Professional football players may be at a higher risk of death from diseases that damage brain cells, such as Alzheimer’s disease and ALS, also known as Lou Gehrig’s disease, according to new research.
The study, published online in Neurology, examined data on 3,439 National Football League players with an average age of 57 who played at least five seasons of the game between 1959 and 1988.
Researchers reviewed death certificates for causes of death from Alzheimer’s disease, Parkinson’s disease, and ALS. At the time of the analysis, only 10 percent of the participants had passed away, the researchers noted.
What they found is that professional football players were three times more likely to die as a result of diseases that damage brain cells compared to the general population.
A player’s risk of death from Alzheimer’s disease or ALS was almost four times higher than the general population, the researchers said.
Of the 334 who died, seven had Alzheimer’s disease and another seven had ALS. The risk of dying from Parkinson’s disease was not significantly different than that of the general population, the researchers noted.
To determine if these risks differed by position played, researchers divided the players into two groups: Those who played non-line (“speed”) positions, such as quarterbacks, running backs, halfbacks, fullbacks, wide receivers, tight ends, defensive backs, safeties and linebackers; and those who played line (“non-speed”) positions, such as defensive and offensive linemen.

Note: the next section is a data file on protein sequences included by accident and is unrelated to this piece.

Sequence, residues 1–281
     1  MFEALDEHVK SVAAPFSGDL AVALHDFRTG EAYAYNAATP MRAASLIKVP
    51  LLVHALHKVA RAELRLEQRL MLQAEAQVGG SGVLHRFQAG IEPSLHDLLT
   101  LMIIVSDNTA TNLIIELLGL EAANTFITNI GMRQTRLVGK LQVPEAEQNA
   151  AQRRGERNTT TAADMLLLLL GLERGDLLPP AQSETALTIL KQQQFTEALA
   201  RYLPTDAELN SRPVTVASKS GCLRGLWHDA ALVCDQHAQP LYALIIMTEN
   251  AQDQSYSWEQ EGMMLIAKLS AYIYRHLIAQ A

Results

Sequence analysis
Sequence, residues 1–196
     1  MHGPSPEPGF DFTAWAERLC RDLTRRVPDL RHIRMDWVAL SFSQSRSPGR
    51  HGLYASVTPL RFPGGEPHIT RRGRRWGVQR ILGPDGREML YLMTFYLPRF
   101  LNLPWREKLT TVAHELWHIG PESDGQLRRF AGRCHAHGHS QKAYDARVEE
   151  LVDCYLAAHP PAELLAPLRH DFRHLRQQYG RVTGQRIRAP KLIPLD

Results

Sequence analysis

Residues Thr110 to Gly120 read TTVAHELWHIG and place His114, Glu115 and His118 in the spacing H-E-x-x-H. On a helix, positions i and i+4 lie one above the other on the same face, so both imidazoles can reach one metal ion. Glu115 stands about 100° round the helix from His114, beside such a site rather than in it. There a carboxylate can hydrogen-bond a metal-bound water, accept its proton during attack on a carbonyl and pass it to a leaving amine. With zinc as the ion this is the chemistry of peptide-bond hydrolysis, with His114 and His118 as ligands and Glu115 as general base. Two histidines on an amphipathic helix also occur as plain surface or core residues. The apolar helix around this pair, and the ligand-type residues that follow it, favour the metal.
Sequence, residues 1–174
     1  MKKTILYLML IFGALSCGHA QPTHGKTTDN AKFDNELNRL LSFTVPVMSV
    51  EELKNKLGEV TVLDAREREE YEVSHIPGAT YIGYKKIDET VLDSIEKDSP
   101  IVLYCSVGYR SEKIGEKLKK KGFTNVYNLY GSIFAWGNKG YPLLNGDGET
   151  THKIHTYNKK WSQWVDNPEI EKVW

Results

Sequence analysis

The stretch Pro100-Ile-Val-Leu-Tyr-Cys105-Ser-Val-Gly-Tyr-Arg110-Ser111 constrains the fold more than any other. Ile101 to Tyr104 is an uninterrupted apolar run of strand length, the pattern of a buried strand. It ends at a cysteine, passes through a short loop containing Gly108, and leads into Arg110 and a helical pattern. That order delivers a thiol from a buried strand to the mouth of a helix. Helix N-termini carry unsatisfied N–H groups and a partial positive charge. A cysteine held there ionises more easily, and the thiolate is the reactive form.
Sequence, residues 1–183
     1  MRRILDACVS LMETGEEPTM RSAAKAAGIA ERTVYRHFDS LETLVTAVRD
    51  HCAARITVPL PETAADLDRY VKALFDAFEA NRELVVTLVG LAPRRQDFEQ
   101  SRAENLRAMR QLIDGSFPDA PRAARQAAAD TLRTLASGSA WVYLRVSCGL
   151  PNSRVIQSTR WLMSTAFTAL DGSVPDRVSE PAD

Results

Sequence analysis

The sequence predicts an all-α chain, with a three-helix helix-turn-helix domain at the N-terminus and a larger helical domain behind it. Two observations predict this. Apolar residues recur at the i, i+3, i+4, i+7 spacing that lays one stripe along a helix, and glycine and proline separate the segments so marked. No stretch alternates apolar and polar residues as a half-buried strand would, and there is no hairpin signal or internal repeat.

According to the researchers, speed position players were more than three times more likely to die from a neurodegenerative cause than non-speed position players. About 62 percent of the players were in speed positions.
“These results are consistent with recent studies that suggest an increased risk of neurodegenerative disease among football players,” said study author Everett J. Lehman, M.S., with the National Institute for Occupational Safety and Health in Cincinnati.
“Although our study looked at causes of death from Alzheimer’s disease and ALS as shown on death certificates, research now suggests that chronic traumatic encephalopathy (CTE) may have been the true primary or secondary factor in some of these deaths.”
“A brain autopsy is necessary to diagnose CTE and distinguish it from Alzheimer’s or ALS. While CTE is a separate diagnosis, the symptoms are often similar to those found in Alzheimer’s, Parkinson’s and ALS, and can occur as the result of multiple concussions.”
Lehman said the study, which was supported by the National Institute for Occupational Safety and Health, was limited by the small number of deaths in the analysis.
Source: American Academy of Neurology